The east-west crossing of DRC would be sufficiently challenging to satisfy the adventurous streak in most people. But not, Mick it seemed, who thought why merely do something difficult when we can do a couple really difficult things. Soon our simple east-west crossing of DRC morphed into a north-south then a east-west crossing. Plus we wanted to drop in on an Aussie geologist who worked and lived near Goma who had helped us out for latest on the ground info and securing the pain in the backside invitation letter required for the DRC visa. In addition to visiting the fella in question is that it would allow us to see Mt Nyiragongo, the world largest lava lake in the world, as well as see Congo’s famous mountain gorillas. The budget would take an absolute walloping but it seemed like money well spent. Lofty goals, great plans, full awesome… but as ever Africa was listening, laughing and preparing to heave a great big spanner or two in the works to remind us who was boss.

But back to our stay in Arusha. The time necessary to secure our DRC visa from the Embassy in Pretoria, South Africa presented a fantastic opportunity to spend time with Caleb, Joanna and their ridiculously fantastic kids, and do some bike maintenance. Once again we were treated to warmth and hospitality, great conversations and wonderful home cooked meals. One of the unexpected delights of the trip for us has been learning that you can indeed meet wonderful people and make life long friends even as a transient hobo on the back of a bike.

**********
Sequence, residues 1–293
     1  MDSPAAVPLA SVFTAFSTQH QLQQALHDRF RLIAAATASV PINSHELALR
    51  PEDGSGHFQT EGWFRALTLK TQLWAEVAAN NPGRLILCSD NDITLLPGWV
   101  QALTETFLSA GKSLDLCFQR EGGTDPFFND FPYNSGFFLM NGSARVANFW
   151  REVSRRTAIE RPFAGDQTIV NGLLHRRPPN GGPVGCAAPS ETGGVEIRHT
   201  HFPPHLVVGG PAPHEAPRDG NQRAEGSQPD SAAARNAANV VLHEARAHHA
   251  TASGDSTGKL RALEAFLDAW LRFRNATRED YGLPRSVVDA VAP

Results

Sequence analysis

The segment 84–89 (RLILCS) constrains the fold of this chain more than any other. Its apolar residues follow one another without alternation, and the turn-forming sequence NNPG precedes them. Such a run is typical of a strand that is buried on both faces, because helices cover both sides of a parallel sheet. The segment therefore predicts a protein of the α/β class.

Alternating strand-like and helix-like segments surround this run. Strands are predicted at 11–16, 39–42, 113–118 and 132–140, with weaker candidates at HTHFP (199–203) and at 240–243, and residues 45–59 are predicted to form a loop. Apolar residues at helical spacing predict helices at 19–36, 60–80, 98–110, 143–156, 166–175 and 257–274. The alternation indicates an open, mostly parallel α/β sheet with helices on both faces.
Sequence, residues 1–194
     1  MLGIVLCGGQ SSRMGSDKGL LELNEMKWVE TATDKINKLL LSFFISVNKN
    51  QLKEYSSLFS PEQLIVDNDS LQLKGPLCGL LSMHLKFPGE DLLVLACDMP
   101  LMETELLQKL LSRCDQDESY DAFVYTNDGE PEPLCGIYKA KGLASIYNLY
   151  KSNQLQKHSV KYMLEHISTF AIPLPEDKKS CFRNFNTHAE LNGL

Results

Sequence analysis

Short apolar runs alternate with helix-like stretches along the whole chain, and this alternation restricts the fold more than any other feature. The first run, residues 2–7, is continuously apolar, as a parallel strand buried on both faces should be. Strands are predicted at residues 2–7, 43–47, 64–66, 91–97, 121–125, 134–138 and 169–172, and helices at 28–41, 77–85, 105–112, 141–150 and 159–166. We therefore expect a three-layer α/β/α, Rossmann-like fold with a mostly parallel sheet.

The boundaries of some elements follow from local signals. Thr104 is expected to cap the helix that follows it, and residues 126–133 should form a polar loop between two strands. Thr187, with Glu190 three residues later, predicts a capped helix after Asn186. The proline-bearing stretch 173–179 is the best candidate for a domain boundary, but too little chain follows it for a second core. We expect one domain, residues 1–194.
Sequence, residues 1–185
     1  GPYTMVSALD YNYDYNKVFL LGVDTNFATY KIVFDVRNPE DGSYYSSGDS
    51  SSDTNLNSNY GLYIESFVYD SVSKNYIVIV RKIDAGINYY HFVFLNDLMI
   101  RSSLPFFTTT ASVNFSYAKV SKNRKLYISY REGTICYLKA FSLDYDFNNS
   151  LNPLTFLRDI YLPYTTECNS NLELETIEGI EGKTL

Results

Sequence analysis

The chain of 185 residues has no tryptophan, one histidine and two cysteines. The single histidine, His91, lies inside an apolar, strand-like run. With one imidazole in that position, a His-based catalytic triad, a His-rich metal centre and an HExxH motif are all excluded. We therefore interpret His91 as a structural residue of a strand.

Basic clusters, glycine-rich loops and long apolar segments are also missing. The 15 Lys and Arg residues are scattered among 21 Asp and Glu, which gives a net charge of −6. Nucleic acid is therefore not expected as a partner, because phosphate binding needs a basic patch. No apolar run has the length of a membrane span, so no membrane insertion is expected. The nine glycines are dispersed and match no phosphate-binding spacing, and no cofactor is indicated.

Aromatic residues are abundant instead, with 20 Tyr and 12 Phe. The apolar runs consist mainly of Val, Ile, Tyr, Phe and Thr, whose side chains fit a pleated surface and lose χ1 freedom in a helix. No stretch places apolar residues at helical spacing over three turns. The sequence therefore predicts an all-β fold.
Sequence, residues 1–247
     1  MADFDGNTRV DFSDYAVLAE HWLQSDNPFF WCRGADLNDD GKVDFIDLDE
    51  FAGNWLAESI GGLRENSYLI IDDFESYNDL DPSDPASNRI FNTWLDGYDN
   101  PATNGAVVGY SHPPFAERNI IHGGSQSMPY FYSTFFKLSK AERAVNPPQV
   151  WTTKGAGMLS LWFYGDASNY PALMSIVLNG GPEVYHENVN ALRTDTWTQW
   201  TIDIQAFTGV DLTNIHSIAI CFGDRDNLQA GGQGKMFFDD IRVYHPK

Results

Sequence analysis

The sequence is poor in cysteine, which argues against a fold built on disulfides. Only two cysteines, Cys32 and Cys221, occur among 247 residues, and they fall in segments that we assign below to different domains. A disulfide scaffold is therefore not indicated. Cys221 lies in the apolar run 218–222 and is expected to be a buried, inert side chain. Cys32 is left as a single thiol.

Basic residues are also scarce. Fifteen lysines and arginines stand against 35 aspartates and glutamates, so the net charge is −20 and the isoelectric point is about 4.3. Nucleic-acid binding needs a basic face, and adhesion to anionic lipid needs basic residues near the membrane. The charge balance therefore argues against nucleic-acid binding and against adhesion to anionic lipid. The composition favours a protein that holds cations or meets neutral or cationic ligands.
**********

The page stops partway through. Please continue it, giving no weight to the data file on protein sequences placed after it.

Me doing a lazy U-bolt.

On to some nice gravel road.

Caleb and his fellow bike mad friend, Nate regularly hit the trails around Arusha and we all resolved to go for a two-day ride out to Lake Natron. We packed a change of clothes, a toothbrush, tools and first aid kit and set off. We were expecting a fun bit of off-road and some great views of Lake Natron and the nearby Ol Doinyo Lengai volcano. The trails didn’t sound all too demanding and the distances we were looking at were minimal. It would be an extra treat to shed all our luggage for the ride. It was to be a fun outride with plenty of time to chill and socialize. We certainly didn’t anticipate anything like what actually unfolded.

Caleb on his weapon of a KTM500EXC.

Nate on his old beastly KTM400.

Nate again. See how nice the road was.

Me on my comparatively gutless DR.

Just hours into the ride it all went south. We’d been riding on some nice dirt roads that wound their way through the country-side. There wasn’t much in the way of erosion damage or dicey gravel. It was good. Then things got a bit dustier so we all started to spread out further for visibility’s sake. Mick was out in front, followed by me then Nate and Caleb behind. At a guess we were travelling at about 80-85km/hr. Which… well… was a bit fast at least for the later sections of track where conditions on the road had started to deteriorate. We began slowing down as the erosion damaged section of track showed deep trenches starting to appear on either side of the route. Just as I was noticing all this I found myself riding into a huge amount of dust that completely obscured my vision. I figured Mick must have just ridden through a big dust bowl and kicked up all the dust.

It was suddenly odd manouriving the bike without all the luggage on it. Was a different bike altogether.